• Quentin doesn’t respond, but Shreve said that Quentin jumped up in the middle of a story, shouting, "Have you ever had a sister?"
  • Now Quentin’s clothes are all bloody.
  • He hasn’t gotten better at fighting over the years.
  • He leaves Spoade and Shreve, saying that he’ll walk back to campus.
  • Shreve seems worried, but they leave him, anyway.
  • Quentin waits until he hears the car pull away, then he starts walking down the road.
  • As he walks, Quentin muses about the quality of light in the North.
  • All of a sudden, the light appears to brighten, becoming morning light.
  • Really, though, it’s just the lights of a streetcar. Quentin’s being poetic.
  • In the car, Quentin thinks about honeysuckle, which has, he thinks, a sad scent.
  • We’re not sure how a scent can be sad, but there it is, folks.
  • The car drives by the river again.
  • Quentin’s thoughts are running wild.
  • The night smells like honeysuckle, and the scent gets mixed up in all his thoughts, until it seems to symbolize the chaos of his existence.
  • Quentin can smell the curves of the river – and smelling, he becomes like Benjy.
  • Benjy has to smell the things he knows, remember?
  • Quentin gets off the car at the post office.
  • The chimes strike a quarter to…something.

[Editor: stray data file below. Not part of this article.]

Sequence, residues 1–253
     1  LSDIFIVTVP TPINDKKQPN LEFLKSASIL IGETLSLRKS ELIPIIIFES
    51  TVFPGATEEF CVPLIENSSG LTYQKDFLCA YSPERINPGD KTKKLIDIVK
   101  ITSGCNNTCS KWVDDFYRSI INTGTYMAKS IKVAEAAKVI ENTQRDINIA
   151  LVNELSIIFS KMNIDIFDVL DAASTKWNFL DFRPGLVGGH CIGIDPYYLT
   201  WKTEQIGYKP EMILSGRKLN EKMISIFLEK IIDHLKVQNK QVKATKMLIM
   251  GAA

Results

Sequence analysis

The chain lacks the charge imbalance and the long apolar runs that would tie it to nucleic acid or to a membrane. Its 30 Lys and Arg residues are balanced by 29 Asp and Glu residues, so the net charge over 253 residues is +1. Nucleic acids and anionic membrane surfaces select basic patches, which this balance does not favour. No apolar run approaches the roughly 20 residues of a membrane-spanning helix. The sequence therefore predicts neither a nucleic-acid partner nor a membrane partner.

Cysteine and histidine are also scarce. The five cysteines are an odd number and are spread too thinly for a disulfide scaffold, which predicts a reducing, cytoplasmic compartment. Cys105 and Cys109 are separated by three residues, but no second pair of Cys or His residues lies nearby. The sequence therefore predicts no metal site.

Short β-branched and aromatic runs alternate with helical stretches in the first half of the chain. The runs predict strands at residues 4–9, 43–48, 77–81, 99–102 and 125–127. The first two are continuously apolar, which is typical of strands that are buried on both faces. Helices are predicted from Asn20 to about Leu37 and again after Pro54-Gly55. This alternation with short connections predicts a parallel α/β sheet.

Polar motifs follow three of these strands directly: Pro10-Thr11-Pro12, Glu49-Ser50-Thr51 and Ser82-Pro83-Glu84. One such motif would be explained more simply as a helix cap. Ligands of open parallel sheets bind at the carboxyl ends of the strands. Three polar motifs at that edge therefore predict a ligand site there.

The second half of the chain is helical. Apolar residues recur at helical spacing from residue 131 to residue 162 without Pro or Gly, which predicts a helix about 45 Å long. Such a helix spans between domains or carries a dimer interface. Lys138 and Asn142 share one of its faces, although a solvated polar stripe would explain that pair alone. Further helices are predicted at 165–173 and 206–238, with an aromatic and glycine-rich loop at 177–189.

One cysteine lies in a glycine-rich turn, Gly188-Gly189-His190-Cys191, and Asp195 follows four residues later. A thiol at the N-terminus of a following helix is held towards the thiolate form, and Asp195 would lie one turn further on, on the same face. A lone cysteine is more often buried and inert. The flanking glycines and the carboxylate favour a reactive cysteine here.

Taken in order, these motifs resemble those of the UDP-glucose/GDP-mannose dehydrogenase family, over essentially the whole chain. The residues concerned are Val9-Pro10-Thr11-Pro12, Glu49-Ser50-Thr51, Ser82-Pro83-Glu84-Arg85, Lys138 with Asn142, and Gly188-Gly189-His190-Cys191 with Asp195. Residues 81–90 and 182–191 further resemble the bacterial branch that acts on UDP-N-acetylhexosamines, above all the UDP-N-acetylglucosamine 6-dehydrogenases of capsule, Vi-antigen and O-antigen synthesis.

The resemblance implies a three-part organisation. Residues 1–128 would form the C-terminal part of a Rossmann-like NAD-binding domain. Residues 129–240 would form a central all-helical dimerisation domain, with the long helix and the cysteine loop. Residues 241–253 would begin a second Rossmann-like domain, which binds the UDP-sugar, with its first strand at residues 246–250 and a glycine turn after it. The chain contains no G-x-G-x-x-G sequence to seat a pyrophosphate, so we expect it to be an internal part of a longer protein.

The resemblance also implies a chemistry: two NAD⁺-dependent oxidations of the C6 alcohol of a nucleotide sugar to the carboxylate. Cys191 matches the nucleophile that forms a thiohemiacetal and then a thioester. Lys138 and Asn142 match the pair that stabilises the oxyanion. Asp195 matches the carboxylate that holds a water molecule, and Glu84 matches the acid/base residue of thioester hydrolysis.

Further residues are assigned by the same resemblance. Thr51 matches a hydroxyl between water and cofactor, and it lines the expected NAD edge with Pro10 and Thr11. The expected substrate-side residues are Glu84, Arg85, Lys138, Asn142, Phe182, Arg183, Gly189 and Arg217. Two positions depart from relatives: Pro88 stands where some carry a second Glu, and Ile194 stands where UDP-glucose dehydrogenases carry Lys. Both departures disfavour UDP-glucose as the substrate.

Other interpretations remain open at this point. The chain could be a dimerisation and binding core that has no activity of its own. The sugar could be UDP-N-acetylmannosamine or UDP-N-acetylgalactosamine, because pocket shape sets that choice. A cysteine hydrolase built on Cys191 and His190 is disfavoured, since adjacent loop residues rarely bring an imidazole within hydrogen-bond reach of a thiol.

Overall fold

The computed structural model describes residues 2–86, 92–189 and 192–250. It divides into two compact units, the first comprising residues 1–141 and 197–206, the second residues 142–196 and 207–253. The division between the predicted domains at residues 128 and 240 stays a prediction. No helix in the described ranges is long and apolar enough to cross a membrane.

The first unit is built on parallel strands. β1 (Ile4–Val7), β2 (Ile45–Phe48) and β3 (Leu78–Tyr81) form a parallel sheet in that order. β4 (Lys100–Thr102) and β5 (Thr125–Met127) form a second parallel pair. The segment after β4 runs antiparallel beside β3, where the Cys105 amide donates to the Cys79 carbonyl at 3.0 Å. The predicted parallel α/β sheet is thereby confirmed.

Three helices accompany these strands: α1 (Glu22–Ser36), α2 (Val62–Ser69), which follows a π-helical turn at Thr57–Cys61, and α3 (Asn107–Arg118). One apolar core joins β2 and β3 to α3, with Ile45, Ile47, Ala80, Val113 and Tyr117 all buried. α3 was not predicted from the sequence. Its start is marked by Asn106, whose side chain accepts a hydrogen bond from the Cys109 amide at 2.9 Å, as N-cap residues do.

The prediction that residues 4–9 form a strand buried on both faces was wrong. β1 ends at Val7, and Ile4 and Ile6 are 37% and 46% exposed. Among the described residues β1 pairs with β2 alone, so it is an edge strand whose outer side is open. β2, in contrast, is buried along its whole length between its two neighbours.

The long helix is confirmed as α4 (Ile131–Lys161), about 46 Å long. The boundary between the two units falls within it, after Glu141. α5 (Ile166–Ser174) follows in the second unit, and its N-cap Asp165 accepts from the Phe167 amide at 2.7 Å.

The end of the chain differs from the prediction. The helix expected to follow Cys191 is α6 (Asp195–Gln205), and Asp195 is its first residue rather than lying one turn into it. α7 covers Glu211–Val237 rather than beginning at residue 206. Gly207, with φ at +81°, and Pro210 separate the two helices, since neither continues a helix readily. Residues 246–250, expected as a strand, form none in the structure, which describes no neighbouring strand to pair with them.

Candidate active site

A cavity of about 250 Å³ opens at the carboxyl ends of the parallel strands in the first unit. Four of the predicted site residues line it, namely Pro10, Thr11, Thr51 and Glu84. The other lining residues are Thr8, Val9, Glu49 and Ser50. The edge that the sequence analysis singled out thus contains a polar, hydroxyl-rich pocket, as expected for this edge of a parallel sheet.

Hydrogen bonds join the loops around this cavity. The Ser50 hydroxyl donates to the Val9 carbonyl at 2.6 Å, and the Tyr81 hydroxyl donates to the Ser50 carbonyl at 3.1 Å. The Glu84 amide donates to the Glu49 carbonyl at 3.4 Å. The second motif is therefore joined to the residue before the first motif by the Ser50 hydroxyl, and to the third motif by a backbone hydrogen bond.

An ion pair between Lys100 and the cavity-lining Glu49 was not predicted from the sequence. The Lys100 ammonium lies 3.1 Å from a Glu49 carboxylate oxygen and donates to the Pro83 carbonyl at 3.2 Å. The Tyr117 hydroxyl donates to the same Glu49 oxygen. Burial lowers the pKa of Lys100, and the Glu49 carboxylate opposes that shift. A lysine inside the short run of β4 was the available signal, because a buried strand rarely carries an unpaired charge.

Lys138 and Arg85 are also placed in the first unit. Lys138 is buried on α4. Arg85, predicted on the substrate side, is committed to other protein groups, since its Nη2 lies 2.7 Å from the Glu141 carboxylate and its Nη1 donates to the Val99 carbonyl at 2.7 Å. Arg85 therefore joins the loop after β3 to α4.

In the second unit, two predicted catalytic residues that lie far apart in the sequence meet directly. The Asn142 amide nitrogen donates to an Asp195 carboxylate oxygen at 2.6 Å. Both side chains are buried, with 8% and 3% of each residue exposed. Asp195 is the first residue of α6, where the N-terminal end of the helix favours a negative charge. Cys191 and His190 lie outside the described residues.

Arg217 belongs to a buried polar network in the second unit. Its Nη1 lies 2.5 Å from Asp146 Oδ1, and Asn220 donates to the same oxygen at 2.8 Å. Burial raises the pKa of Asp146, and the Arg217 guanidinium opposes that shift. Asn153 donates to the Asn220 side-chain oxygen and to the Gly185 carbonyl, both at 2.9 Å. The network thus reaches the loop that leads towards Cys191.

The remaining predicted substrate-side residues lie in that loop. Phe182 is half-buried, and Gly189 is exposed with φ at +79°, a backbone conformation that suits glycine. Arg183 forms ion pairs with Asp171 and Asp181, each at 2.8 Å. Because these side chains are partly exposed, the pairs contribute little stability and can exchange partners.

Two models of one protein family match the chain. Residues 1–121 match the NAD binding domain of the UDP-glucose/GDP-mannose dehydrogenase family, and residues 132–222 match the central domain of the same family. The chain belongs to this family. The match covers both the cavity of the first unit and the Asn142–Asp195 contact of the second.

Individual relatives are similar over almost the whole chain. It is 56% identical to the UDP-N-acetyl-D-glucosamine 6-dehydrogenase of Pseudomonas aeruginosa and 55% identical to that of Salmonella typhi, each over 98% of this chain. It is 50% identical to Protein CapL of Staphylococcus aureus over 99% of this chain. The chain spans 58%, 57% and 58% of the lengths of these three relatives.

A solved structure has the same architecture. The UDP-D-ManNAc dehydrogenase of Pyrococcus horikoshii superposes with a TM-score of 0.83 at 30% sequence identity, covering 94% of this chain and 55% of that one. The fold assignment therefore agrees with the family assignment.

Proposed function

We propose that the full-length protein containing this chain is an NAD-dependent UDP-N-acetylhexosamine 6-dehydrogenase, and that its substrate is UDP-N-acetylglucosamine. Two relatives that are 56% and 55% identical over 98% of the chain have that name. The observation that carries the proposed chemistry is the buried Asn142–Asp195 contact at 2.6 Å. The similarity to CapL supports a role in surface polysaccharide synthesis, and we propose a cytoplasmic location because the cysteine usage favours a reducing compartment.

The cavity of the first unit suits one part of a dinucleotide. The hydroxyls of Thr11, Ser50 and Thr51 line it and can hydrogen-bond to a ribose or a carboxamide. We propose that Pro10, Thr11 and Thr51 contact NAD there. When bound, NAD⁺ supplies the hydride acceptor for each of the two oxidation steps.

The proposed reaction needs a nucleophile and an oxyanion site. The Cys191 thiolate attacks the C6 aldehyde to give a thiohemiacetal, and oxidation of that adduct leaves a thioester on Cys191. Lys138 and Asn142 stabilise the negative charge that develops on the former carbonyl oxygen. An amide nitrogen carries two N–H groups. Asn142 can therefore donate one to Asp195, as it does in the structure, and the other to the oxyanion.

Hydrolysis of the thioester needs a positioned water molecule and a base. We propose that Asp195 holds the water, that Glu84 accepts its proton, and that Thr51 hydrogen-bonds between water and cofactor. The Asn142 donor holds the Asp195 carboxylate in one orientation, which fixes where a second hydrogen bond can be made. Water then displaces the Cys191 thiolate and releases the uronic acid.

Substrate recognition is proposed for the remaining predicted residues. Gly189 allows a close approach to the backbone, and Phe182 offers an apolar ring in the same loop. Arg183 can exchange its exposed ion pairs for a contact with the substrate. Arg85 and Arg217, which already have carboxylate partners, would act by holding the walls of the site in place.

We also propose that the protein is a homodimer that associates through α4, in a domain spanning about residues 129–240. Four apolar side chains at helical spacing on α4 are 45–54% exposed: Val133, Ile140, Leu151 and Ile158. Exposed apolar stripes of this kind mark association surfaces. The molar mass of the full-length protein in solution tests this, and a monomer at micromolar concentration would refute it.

• Quentin enters his dorm room.
  • It’s dark. Shreve left him a letter telling him that the Blands are having another get-together.
  • Quentin notices his bloody clothes again.
  • Thinking half-completed thoughts, he begins to clean the blood off with gasoline.
  • Hmm…apparently that’s a trick that Martha Stewart missed. Or maybe gasoline just smells good to him.
  • Quentin stuffs the bloody clothes into his bag and puts on the clean set.
  • His thoughts roam over the time after the wedding – after Caddy leaves.
  • Quentin remembers that Caddy always wanted to be king or general when they were little – never the princess or the queen.
  • It’s dark out.
  • Quentin remembers running up to his bedroom at home in the dark.
  • His thoughts are getting pretty fragmented, running over various moments of his past.
  • He brushes his teeth, thinking about home and the dark and Caddy.
  • The clock begins to strike three-quarters past the hour.
  • Quentin remembers earnestly assuring his father that he’s committed incest.
  • Father says that Quentin’s earnestness is what convinces him that Quentin must be lying – even though he knows how much Quentin would like to believe that Caddy hasn’t had sex with other men.
  • Father asks if he ever tried to make Caddy sleep with him.
  • Quentin says he was afraid – afraid she might have said yes.
  • Understanding Quentin’s despair, Father says that the worst tragedy humankind knows is the realization that all human action is temporary.
  • In other words, even saving Caddy through incest won’t last forever.
  • The clock bell (in the present day) stops tolling.
  • Quentin carries his watch into Shreve’s room and puts it in Shreve’s desk.
  • He places his letter to Shreve in his pocket, thinking that he’ll have to stop at the post office.
  • He forgets to brush his hair, but luckily Shreve has a brush.